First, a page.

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The 3.6-inch screen doesn't sound like an ideal size for web browsing, and indeed if the internet is key for you, then you might think about looking for something with a larger screen.
But in fact, the 800 x 480 pixel screen is sharp and vibrant, and while you can't see enough detail to read text on a crowded, complex web page, you do get enough of an overview to work out what you want to zoom in on.
The good old double tap to zoom in and out works smoothly, and once you've zoomed in you're usually close in enough to text to be able to read it – and the text reflows too.
If you want to zoom in further you've got pinch to zoom, and this too is smooth and efficient. Really, the 800MHz processor was not troubled by manoeuvres around web pages.
Flash 10.1 is supported, and we streamed video from the BBC website with just a little slowness over Wi-Fi and a bit of jerkiness at the start of playback sessions. The main bulk of playback sessions were unproblematic.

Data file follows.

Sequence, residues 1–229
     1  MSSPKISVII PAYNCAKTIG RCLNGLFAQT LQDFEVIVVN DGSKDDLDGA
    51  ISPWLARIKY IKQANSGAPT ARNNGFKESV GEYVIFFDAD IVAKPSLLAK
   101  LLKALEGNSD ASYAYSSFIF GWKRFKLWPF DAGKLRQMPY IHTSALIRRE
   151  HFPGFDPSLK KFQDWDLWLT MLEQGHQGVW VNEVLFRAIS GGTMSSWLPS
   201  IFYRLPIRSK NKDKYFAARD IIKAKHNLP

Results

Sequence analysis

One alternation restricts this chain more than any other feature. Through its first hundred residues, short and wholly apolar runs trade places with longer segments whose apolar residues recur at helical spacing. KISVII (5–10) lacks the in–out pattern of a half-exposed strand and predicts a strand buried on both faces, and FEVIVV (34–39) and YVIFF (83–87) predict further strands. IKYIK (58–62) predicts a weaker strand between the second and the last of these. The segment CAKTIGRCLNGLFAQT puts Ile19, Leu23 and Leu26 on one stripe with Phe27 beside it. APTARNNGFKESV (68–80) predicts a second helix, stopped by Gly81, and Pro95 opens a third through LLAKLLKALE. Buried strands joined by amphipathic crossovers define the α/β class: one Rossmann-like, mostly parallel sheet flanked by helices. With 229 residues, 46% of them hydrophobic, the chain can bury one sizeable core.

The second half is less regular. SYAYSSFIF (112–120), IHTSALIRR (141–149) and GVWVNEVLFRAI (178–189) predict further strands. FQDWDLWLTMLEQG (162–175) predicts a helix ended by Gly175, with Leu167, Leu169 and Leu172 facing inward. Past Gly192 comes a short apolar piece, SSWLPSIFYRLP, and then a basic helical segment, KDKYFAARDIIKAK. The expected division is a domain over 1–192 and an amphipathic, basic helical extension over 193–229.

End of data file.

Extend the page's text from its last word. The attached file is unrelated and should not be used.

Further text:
However here's an oddity. When you first switch the Acer Liquid Metal on having deboxed it, you're invited to install Flash for yourself.
Now, at this point you won't have logged on to a wireless network, so we suggest skipping, and popping into the Android Market later to make the download. But we can't understand why Acer didn't take this little chore off our hands.
There's a YouTube client on board, and it was a real star. Fast, clear, sharp, we found ourselves wasting a lot of time watching videos.
A real plus point is the fact that sound delivered through the Acer Liquid Metal speaker is quite loud and good quality.
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